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Edited Transcript of AMC earnings conference call or presentation 9-May-19 12:30pm GMT

Q1 2019 AMC Entertainment Holdings Inc Earnings Call

Kansas May 21, 2019 (Thomson StreetEvents) -- Edited Transcript of AMC Entertainment Holdings Inc earnings conference call or presentation Thursday, May 9, 2019 at 12:30:00pm GMT

TEXT version of Transcript

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Corporate Participants

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* Adam M. Aron

AMC Entertainment Holdings, Inc. - President, CEO & Director

* Craig R. Ramsey

AMC Entertainment Holdings, Inc. - Executive VP & CFO

* John C. Merriwether

AMC Entertainment Holdings, Inc. - VP of IR

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Conference Call Participants

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* David Walter Miller

Imperial Capital, LLC, Research Division - Research Analyst

* Eric Owen Handler

MKM Partners LLC, Research Division - MD, Sector Head & Senior Analyst

* James Charles Goss

Barrington Research Associates, Inc., Research Division - MD

* Michael Joseph Hickey

The Benchmark Company, LLC, Research Division - Research Analyst

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Presentation

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Operator [1]

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Greetings, and welcome to AMC Entertainment First Quarter 2019 Earnings Conference Call. (Operator Instructions) As a reminder, this conference is being recorded.

I would now like to turn the conference over to your host, John Merriwether, Vice President, Investor Relations.

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John C. Merriwether, AMC Entertainment Holdings, Inc. - VP of IR [2]

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Thank you, Dana. Good morning. I'd like to welcome everyone to AMC's First Quarter 2019 Earnings Conference Call. With me this morning is Adam Aron, our Chief Executive Officer and President; and Craig Ramsey, Executive Vice President and Chief Financial Officer.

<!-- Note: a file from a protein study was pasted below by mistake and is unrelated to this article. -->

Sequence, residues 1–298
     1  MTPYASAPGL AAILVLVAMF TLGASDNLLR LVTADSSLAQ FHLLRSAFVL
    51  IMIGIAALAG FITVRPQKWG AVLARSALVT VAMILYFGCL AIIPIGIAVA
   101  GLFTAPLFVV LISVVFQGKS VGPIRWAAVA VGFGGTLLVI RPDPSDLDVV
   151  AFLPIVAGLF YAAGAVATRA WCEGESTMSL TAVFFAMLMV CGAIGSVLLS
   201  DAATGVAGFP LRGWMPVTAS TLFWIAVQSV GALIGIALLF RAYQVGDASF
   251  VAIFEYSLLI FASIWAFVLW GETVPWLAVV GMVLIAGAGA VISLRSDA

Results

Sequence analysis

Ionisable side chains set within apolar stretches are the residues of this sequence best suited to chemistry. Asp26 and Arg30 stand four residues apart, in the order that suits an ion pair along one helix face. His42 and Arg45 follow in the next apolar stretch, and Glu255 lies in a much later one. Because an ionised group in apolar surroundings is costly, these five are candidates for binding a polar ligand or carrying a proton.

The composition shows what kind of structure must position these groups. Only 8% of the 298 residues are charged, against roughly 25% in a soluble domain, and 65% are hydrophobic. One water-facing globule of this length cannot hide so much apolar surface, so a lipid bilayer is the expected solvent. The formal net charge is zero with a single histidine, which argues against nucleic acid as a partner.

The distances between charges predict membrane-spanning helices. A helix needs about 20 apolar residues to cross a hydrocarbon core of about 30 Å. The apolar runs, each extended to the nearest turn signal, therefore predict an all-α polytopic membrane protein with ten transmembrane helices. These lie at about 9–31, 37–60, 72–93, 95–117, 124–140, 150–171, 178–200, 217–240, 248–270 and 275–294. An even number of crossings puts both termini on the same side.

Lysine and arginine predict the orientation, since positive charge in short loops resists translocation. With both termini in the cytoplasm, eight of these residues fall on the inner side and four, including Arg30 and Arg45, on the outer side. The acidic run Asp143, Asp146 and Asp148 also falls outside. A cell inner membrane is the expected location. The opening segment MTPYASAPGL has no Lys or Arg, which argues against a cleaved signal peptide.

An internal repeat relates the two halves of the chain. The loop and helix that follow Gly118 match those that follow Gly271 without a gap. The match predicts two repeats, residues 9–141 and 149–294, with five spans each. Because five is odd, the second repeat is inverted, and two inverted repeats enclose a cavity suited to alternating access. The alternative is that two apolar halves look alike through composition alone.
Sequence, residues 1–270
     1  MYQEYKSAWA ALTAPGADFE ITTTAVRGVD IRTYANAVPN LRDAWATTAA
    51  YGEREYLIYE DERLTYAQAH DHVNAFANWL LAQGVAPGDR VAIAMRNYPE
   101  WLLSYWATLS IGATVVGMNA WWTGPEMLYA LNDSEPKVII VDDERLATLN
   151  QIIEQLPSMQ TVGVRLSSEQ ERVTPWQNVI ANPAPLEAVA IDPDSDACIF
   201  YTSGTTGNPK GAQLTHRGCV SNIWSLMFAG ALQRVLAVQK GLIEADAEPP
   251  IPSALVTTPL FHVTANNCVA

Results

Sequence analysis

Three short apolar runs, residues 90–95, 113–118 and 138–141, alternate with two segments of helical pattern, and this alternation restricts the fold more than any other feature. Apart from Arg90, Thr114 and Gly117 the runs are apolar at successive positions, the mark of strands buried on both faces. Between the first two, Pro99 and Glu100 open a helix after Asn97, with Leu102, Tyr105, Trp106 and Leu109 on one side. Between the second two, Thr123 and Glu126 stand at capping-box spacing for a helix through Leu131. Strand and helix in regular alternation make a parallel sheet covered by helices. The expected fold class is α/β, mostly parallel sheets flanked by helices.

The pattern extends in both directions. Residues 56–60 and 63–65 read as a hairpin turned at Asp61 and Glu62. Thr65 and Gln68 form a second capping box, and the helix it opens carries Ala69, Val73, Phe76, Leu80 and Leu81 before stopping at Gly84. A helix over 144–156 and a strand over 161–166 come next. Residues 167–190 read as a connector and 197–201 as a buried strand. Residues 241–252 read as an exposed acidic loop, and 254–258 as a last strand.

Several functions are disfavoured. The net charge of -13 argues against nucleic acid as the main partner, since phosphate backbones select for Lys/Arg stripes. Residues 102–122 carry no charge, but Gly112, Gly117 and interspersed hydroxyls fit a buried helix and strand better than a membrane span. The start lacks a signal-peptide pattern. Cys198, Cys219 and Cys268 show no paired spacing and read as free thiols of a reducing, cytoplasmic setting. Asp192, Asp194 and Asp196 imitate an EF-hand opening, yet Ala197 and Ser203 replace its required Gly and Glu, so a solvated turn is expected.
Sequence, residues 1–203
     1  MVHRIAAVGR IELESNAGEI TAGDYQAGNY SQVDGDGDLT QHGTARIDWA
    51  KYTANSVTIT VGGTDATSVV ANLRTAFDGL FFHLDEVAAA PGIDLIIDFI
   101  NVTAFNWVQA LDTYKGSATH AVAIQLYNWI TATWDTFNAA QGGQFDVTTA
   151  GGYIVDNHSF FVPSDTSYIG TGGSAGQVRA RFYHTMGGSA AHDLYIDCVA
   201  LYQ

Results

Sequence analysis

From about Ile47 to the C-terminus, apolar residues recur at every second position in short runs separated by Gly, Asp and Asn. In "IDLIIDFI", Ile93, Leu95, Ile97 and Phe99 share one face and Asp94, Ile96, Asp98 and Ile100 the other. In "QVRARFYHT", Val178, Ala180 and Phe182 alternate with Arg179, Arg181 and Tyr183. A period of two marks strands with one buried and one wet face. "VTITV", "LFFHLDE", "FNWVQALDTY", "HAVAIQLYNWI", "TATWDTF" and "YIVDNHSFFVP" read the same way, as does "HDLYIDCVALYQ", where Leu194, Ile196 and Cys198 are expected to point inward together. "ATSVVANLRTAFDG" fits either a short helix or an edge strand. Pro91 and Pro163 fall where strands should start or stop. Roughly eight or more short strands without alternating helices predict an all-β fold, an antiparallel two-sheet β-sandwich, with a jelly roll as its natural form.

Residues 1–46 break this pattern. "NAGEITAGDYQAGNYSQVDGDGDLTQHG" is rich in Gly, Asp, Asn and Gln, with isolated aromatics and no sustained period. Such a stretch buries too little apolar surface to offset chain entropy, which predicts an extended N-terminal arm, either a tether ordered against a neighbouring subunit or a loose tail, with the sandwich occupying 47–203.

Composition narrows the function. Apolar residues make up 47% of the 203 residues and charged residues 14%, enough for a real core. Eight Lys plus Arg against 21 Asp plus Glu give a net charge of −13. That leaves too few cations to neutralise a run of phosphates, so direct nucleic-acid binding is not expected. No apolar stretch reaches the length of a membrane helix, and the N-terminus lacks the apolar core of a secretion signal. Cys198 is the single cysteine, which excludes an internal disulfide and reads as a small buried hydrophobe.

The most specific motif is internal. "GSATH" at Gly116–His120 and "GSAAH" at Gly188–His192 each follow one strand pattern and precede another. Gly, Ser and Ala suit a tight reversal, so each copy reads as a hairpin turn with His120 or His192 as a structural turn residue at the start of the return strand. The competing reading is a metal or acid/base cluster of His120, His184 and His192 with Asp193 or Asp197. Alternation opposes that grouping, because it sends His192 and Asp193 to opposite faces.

Before I turn the call over to Adam, let me remind everyone that some of the comments made by management during this conference call may contain forward-looking statements which are based on management's current expectations. Numerous risks, uncertainties and other factors may cause actual results to differ materially from those that might be expressed today.

Many of those risks and uncertainties are discussed in our public filings, included in our most recently filed 10-K and 10-Q. Several of the factors that will determine the company's future results are beyond the ability of the company to control or predict.

In light of the uncertainties inherent in any forward-looking statements, listeners are cautioned to not place undue reliance on these statements. The company undertakes no obligation to revise or update any forward-looking statements whether as a result of new information or future events.

On this call, we may reference measures such as adjusted EBITDA, adjusted free cash flow and constant currency, which are non-GAAP financial measures. For a full reconciliation of our non-GAAP measures to GAAP results, please see our earnings release issued earlier this morning.

In conjunction with our earnings release, we encourage you to review the supplemental financial information for the 2019 first quarter that we published this morning on our website in tandem with the earnings release. After our prepared remarks, there will be a question-and-answer session.

This morning's call is being recorded, and a webcast replay will be available in the Investor Relations section of our website at amctheatres.com later today.

With that, I'll turn the call over to Adam.

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Adam M. Aron, AMC Entertainment Holdings, Inc. - President, CEO & Director [3]

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Thank you, John. Good morning, everybody. Thank you for joining us to review AMC's look at 2019 results.

Since our most recent earnings call covering AMC's record-setting full year 2018 results, we've gotten together telephonically to take you through with as much transparency as we're able, the impact of ASC 842 and the change in accounting rules surrounding our theater leases.

To reiterate, and as noted in our April 24 presentation, this is purely a noncash accounting change with no impact on operations or total cash flows. In our view, it does not alter the past or future performance of this business in reality. As we did this morning, for clarity, we will do our best for some time into the future to give you current and historic financials on both the actual and as-adjusted basis for ASC 842.

In addition, we had the opportunity to get together in person at a well-attended Investor Day, where we showcased the strength of the AMC platform and the ongoing transformation of AMC's delivery of the quintessential 21st-century out-of-home entertainment experience.

We get there by combining our size and scale, with market-leading technology and world-class marketing prowess to communicate, engage and sell to our guests on a frictionless, proactive and intentional basis. We're aided by AMCs having the largest consumer database of avid theatergoers as a result of our AMC Stubs loyalty program, enticing recurring revenue through our now profitable subscription service A-List, along with a network of theaters, richer and guest-pleasing amenities than what is offered by anyone else.